The three best places in the solar system to look for life (other than Mars)

Europa

Europa. Credit: NASA / JPL-Caltech

Not all that long ago, it was considered very unlikely that life could exist anywhere else in the solar system, apart from maybe Mars. A variety of robotic spacecraft missions, however, have changed scientists’ views; there are indeed a handful of other worlds in our own cosmic backyard which it is now known could potentially be habitable after all.

Interestingly, these are all moons, not planets, and they are in the outer solar system, much farther from the sun than Earth is. Not the ideal location it would seem, but nature can be full of surprises. These discoveries have changed how we view habitablity when it comes to other planets and moons. Planets, ones with the right conditions for life as we know it, are good, but sometimes a moon can be ideal as well. In some cases, perhaps even better.

And if there are multiple such worlds right here in our own solar system, how many more might there be in other solar systems (with thousands of exoplanets already discovered so far orbiting other stars)?

Let’s have a look at these alien moons and see what makes them so enticing in the search for extraterrestrial life.

Europa, a moon of Jupiter, is considered to be perhaps the most likely place in our solar system, other than Earth, to support life. Below its frozen icy surface shell lies a deep ocean of liquid water, which is thought to cover the entire moon. The water is kept warm and liquid by the gravitational pull from Jupiter and maybe also radioactive heating of the moon’s interior.

Other evidence now suggests that there are also subsurface lakes which are between the surface and the ocean below. It is also estimated that Europa’s global ocean contains more water than all of Earth’s oceans combined!

The environment is quite similar to the ice-covered waters of the north and south poles on Earth. Life thrives in that water here, so could it also on Europa? The ocean bottom on Europa may be mineral-rich as well, providing an energy source for living things. The saltiness of the Europan ocean is also thought to be quite similar to the water in Earth’s oceans.

Looking for evidence of living organisms would most likely require drilling through the ice by some future mission. Even if the only life forms were something like bacteria, it would be a momentous discovery. Will the first alien life found be Europan?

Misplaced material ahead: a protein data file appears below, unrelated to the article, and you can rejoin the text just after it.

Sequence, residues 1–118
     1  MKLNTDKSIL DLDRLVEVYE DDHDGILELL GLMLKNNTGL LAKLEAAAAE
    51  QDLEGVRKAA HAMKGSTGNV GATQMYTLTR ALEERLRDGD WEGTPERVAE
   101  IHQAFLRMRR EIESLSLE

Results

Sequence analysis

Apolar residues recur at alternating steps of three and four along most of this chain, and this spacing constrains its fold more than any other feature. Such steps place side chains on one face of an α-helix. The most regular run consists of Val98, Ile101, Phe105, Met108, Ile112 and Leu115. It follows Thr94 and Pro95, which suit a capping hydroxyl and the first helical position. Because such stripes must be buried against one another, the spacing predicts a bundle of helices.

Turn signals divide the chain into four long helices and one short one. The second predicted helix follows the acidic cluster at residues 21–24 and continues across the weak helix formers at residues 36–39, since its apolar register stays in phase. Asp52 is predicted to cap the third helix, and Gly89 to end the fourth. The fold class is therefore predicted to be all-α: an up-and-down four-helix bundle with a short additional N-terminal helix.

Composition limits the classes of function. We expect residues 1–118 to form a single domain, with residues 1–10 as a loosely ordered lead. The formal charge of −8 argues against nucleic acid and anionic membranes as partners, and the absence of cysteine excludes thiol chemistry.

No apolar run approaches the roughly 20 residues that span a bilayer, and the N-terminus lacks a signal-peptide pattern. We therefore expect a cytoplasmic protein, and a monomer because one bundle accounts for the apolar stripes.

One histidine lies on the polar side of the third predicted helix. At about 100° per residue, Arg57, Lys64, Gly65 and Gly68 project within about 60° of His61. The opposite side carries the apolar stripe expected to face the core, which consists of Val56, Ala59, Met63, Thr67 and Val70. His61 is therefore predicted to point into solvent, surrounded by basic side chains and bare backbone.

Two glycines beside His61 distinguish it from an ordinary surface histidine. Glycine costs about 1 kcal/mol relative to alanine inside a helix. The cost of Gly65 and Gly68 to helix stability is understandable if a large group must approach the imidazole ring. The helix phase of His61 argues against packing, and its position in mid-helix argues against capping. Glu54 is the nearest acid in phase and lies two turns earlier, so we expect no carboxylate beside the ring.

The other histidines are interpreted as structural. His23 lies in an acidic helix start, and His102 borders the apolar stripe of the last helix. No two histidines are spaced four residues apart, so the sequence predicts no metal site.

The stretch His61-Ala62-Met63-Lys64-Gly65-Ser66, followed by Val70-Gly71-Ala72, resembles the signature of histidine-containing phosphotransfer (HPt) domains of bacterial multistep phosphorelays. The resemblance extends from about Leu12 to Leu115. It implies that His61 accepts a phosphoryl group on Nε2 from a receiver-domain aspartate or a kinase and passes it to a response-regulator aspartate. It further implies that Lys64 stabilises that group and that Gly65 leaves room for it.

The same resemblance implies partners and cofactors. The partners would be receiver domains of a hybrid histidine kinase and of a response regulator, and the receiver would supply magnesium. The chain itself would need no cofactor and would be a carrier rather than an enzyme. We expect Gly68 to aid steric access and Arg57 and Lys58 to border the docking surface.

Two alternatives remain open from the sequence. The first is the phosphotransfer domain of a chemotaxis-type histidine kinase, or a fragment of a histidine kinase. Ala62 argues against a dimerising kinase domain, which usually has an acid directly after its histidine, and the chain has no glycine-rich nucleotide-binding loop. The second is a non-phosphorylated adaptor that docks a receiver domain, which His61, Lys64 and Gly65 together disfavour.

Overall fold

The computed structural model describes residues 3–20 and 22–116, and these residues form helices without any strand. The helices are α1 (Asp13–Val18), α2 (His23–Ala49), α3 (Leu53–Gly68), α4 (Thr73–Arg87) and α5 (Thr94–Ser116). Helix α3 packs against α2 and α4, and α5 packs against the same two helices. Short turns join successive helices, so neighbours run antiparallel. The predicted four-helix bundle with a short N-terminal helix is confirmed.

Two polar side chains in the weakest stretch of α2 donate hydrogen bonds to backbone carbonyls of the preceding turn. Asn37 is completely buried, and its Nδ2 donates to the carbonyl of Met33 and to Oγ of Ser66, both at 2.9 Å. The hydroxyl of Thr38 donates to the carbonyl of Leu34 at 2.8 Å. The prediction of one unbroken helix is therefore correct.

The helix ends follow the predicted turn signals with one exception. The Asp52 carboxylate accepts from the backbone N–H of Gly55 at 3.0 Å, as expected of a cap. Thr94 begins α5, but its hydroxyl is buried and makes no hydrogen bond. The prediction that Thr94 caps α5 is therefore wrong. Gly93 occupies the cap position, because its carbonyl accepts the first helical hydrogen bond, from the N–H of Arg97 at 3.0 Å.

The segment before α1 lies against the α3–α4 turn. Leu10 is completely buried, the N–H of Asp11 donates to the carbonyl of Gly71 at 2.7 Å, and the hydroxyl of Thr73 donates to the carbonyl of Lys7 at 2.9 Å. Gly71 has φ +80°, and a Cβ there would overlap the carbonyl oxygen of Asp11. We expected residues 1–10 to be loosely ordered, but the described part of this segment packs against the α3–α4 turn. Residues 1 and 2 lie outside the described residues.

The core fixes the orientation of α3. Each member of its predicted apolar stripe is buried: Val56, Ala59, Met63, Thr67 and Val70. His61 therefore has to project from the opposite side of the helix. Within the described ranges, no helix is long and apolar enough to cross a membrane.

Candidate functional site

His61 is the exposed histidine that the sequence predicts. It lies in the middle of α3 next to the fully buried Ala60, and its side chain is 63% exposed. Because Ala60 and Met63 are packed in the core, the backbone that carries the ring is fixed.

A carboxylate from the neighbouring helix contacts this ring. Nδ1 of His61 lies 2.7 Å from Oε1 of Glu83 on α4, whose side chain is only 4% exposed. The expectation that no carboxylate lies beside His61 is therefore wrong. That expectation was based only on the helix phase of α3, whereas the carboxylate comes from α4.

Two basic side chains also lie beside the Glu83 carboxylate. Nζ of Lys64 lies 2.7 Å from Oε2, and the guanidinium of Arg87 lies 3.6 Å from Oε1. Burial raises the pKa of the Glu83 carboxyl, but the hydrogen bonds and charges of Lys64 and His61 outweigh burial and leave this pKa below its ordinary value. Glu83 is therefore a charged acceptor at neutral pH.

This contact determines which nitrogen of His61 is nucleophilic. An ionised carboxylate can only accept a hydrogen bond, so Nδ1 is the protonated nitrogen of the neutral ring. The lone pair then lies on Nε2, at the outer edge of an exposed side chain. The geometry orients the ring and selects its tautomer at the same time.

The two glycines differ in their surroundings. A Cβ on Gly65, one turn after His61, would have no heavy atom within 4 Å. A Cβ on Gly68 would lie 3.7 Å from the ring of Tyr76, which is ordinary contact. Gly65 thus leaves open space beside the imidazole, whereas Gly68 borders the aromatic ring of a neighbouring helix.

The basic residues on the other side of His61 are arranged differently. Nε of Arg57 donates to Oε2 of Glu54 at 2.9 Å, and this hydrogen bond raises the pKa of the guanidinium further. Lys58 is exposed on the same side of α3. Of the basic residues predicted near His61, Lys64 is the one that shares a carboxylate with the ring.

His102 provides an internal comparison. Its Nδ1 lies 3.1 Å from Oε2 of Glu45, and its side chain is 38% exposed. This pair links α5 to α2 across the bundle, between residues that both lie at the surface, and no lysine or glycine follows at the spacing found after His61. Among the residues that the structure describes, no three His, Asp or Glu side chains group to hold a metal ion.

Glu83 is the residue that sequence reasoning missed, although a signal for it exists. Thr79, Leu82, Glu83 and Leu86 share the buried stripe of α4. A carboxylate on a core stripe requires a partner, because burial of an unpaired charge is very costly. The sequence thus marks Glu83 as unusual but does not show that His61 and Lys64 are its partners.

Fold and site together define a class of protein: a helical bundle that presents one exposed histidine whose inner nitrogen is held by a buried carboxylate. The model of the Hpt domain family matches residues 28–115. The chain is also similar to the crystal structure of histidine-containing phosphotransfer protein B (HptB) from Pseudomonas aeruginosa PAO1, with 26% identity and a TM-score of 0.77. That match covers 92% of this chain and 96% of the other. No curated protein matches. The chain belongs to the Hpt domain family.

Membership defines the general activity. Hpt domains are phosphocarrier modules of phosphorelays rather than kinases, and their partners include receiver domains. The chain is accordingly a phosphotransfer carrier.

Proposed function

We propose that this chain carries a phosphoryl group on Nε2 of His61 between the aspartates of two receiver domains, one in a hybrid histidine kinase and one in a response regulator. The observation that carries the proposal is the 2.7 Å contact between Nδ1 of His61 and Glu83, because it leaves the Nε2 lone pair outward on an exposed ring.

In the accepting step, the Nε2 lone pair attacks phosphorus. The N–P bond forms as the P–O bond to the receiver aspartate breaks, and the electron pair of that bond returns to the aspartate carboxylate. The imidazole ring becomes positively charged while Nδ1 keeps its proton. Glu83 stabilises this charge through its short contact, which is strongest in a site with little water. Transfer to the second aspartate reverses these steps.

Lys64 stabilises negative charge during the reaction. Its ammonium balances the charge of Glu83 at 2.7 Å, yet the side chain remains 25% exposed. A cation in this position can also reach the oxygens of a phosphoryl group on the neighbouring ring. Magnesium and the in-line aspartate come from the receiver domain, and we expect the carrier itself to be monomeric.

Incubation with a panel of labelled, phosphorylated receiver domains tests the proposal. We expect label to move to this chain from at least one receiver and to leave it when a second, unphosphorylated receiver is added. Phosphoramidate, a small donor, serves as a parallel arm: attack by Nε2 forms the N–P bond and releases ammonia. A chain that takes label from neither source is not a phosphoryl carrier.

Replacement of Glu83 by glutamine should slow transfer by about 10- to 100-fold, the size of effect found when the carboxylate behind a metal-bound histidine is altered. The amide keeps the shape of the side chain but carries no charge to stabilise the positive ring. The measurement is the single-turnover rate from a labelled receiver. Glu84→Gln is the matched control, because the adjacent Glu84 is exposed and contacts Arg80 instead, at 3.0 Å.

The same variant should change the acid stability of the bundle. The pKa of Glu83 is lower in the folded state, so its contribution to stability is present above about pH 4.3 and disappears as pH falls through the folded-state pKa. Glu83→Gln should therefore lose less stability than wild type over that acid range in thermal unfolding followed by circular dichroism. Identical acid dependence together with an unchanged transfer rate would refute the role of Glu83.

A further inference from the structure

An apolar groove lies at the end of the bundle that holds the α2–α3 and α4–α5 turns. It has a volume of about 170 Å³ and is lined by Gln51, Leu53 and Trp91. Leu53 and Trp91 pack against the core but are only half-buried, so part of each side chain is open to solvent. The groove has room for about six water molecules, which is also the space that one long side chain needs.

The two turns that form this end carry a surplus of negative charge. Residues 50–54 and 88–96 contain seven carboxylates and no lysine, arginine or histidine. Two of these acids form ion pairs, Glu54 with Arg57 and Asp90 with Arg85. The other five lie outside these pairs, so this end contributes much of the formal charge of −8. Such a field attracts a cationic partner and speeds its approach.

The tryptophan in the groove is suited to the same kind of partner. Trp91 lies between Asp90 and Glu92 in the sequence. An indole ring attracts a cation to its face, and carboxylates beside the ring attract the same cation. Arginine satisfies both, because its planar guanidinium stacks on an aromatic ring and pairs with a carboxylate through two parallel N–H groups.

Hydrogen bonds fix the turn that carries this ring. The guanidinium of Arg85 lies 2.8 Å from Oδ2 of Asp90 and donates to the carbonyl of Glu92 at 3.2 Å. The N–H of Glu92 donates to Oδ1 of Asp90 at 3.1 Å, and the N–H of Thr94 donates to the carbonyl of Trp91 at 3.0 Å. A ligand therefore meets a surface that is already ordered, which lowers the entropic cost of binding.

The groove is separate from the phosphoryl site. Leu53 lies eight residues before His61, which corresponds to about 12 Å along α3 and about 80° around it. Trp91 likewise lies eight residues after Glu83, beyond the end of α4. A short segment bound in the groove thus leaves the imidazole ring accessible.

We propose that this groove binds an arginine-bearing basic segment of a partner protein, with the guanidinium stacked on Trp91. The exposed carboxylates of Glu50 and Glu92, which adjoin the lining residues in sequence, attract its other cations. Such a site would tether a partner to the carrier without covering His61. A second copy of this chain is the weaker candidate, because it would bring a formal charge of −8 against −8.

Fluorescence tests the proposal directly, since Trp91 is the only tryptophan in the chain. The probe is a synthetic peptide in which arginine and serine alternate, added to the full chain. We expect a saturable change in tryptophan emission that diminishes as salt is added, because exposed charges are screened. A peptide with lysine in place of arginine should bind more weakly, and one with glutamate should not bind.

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Enceladus. Credit: NASA / JPL-Caltech

Enceladus, a tiny moon of Saturn, was once thought to be just a frozen, relatively boring iceball. Too small to have enough energy to maintain an ocean like Europa. But the Cassini spacecraft found those ideas to be wrong; not only does this moon apparently have liquid water below its surface as well, it also has something that Europa doesn’t (as far as we know right now) – geysers.

These giant plumes of ice, water vapour and organics are constantly spewing out into space from huge, warmer fissures in Enceladus’ surface at its south pole. The most recent evidence suggests that they emanate from a liquid water sea just below the surface.

Cassini has already flown directly through these plumes a few times now, and sampled them as it did so. The discovery of the water and a variety of organic molecules in the plumes indicate a subsurface environment which may be quite hospitable for life.

Looking for evidence of any such life might also be easier than searching on (or in) Europa; a future probe with the right equipment could take more samples from the plumes and examine them for direct signs of biological chemistry, which Cassini unfortunately can’t do. But just knowing that such a world exists opens up exciting possibilities.

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Titan. Credit: NASA / JPL-Caltech

Titan is the largest moon of Saturn and, as it turns out, one of the most fascinating worlds that we know of.

Cassini has revealed it be be a moon that is more like a planet, even Earth-like in some ways. It is a world of rain, rivers, lakes and seas. But the liquid on Titan isn’t water, it’s methane. The temperatures are far too cold for water to be liquid, but methane is liquid in these conditions. Titan has an entire methanological cycle that mimics Earth’s hydrological cycle. Titan’s atmosphere is mostly nitrogen, like Earth’s and is also rich in organic material.

Generally, it is thought that such extreme conditions would make life next to impossible, but the possibility of methane-based life forms (instead of carbon like on Earth) has gained greater acceptance in recent years with some scientists.

Some studies have even shown that something on Titan’s surface is reacting with the atmosphere in a way that is similar to that predicted for possible methane-based life. Could there be something like Titanian bacteria or is it just weird chemical reactions? Only further observations will help answer that question.

And, just like Europa and Enceladus, Titan is also now thought to have a subsurface water ocean, deep underground where it is warmer. Another possible habitat on a moon that in some ways is eerily Earth-like, but also uniquely alien…

This article was first published on Examiner.com.

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  1. Pingback: Enceladus and Water - What This Means for Life | Ricochet Science

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